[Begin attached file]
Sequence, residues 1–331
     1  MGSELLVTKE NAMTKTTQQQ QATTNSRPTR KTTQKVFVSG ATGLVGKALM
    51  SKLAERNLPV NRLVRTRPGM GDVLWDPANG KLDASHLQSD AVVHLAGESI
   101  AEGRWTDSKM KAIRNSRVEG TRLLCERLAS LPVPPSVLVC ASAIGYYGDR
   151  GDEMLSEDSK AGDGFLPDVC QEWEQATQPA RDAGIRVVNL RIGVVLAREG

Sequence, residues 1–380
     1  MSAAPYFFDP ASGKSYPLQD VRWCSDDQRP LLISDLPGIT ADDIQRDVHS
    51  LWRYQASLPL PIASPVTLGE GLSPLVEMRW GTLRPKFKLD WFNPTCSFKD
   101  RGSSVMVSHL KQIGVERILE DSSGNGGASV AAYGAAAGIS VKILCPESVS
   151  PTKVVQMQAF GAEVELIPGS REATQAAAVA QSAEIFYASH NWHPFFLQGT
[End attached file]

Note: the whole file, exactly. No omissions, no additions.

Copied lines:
Sequence, residues 1–331
     1  MGSELLVTKE NAMTKTTQQQ QATTNSRPTR KTTQKVFVSG ATGLVGKALM
    51  SKLAERNLPV NRLVRTRPGM GDVLWDPANG KLDASHLQSD AVVHLAGESI
   101  AEGRWTDSKM KAIRNSRVEG TRLLCERLAS LPVPPSVLVC ASAIGYYGDR
   151  GDEMLSEDSK AGDGFLPDVC QEWEQATQPA RDAGIRVVNL RIGVVLAREG

Sequence, residues 1–380
     1  MSAAPYFFDP ASGKSYPLQD VRWCSDDQRP LLISDLPGIT ADDIQRDVHS
    51  LWRYQASLPL PIASPVTLGE GLSPLVEMRW GTLRPKFKLD WFNPTCSFKD
   101  RGSSVMVSHL KQIGVERILE DSSGNGGASV AAYGAAAGIS VKILCPESVS
   151  PTKVVQMQAF GAEVELIPGS REATQAAAVA QSAEIFYASH NWHPFFLQGT